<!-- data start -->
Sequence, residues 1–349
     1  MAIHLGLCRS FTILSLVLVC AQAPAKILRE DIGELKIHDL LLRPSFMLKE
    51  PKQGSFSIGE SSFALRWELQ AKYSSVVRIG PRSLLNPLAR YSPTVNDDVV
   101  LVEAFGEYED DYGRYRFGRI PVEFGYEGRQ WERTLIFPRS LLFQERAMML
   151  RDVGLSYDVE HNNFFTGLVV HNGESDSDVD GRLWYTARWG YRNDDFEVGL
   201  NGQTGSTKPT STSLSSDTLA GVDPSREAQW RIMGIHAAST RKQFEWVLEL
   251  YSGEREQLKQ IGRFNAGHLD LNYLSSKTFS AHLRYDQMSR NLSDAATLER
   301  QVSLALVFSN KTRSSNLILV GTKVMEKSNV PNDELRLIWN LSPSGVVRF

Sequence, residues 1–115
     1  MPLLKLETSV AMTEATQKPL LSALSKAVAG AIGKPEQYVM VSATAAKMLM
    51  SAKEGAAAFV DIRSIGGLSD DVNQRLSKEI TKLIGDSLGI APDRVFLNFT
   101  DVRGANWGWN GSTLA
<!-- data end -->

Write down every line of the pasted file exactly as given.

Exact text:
Sequence, residues 1–349
     1  MAIHLGLCRS FTILSLVLVC AQAPAKILRE DIGELKIHDL LLRPSFMLKE
    51  PKQGSFSIGE SSFALRWELQ AKYSSVVRIG PRSLLNPLAR YSPTVNDDVV
   101  LVEAFGEYED DYGRYRFGRI PVEFGYEGRQ WERTLIFPRS LLFQERAMML
   151  RDVGLSYDVE HNNFFTGLVV HNGESDSDVD GRLWYTARWG YRNDDFEVGL
   201  NGQTGSTKPT STSLSSDTLA GVDPSREAQW RIMGIHAAST RKQFEWVLEL
   251  YSGEREQLKQ IGRFNAGHLD LNYLSSKTFS AHLRYDQMSR NLSDAATLER
   301  QVSLALVFSN KTRSSNLILV GTKVMEKSNV PNDELRLIWN LSPSGVVRF

Sequence, residues 1–115
     1  MPLLKLETSV AMTEATQKPL LSALSKAVAG AIGKPEQYVM VSATAAKMLM
    51  SAKEGAAAFV DIRSIGGLSD DVNQRLSKEI TKLIGDSLGI APDRVFLNFT
   101  DVRGANWGWN GSTLA